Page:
Prenatal vitamins are very similar to multivitamins but tend to have different vitamin and mineral counts. While prenatal vitamins are generally safe for adults to take, it is important for you to know what you are taking and how it will benefit your body; you should always consult your doctor or healthcare professional if you have questions or concerns.
What is the difference between a prenatal vitamin and multivitamin?
Prenatal vitamins contain higher amounts of certain vitamins and minerals including folic acid, iron, and calcium. Prenatal vitamins are designed to provide both a mother and her growing baby with beneficial nutrients. These vitamins are recommended for women who are trying to conceive, are pregnant or breastfeeding. Multivitamins contain vitamins and minerals, some are the same nutrients as prenatal vitamins, but the levels tend be different and designed with a different end user in mind.
What is in a prenatal vitamin?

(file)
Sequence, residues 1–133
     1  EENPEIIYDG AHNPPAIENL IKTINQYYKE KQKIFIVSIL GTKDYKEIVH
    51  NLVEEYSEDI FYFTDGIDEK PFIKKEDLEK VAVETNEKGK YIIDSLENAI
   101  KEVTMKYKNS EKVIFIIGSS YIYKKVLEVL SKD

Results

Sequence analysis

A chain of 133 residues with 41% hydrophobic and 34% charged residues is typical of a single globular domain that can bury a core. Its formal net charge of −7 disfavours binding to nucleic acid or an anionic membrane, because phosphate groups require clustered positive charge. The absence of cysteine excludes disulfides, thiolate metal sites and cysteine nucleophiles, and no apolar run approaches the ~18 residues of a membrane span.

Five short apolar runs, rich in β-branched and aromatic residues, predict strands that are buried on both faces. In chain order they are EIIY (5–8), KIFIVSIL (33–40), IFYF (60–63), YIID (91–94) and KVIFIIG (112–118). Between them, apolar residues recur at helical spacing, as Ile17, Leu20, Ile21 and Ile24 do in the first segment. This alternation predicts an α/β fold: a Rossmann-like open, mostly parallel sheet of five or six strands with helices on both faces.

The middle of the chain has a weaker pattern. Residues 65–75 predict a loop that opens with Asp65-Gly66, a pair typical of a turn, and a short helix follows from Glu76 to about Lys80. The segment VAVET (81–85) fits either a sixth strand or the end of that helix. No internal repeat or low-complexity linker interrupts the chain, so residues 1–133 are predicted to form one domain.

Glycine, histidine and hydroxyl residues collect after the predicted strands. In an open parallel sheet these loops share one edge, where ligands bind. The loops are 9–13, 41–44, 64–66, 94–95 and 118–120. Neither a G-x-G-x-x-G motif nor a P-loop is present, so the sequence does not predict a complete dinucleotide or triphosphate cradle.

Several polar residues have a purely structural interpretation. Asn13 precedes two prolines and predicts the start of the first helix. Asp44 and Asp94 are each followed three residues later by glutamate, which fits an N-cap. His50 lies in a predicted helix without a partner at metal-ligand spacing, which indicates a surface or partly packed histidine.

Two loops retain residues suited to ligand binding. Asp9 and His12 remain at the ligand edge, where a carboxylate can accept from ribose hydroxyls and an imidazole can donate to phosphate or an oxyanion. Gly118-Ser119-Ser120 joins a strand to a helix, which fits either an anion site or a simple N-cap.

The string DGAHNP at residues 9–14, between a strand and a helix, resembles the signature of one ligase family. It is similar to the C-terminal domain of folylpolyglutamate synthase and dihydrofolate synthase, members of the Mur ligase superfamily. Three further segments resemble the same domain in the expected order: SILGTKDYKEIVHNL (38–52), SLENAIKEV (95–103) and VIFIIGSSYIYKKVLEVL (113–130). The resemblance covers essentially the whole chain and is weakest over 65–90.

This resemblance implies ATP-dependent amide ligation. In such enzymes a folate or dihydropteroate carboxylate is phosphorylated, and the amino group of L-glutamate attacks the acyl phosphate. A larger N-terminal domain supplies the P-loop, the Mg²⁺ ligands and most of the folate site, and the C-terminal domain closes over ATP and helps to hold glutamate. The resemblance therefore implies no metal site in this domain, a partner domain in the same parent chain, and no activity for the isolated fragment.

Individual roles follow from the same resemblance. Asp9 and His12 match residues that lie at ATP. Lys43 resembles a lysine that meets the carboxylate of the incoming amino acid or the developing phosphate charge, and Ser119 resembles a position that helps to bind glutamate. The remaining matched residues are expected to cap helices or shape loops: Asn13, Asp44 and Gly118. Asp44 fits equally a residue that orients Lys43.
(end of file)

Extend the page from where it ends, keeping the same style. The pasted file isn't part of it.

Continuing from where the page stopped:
It is important to note the most prenatal vitamins contain different levels of minerals and vitamins as well as different sources. Prenatal vitamins also frequently contain 200 mg of DHA (docosahexaenoic acid). DHA is an omega 3 fatty acid and is essential for the development and function of the brain, eye, heart, and nervous system. Sometimes called ‘Brain Food’, the majority of the omega-3 fatty acids in the brain and retina are made of DHA. DHA has also been know to have anti-inflammatory properties as well as aid the in treatment of depression. DHA is essential for most people and even more so for those who are pregnant.
Why do women take prenatal vitamins when they are not pregnant?
Some women take prenatal vitamins when they are not pregnant because they it will make their nails and hair stronger or that it is better than a typical multivitamin. Iron, biotin, copper, omega 3 fatty acids, and vitamins A, B6, B12, C, & E are very important in supporting nail and hair growth and are all found in a typical prenatal vitamin. Other nutrients that support nail and hair growth include protein, silica, selenium, and antioxidants.
While prenatal vitamins are generally safe, be sure to consult with a healthcare professional before making changes to your diet or supplementing with vitamins.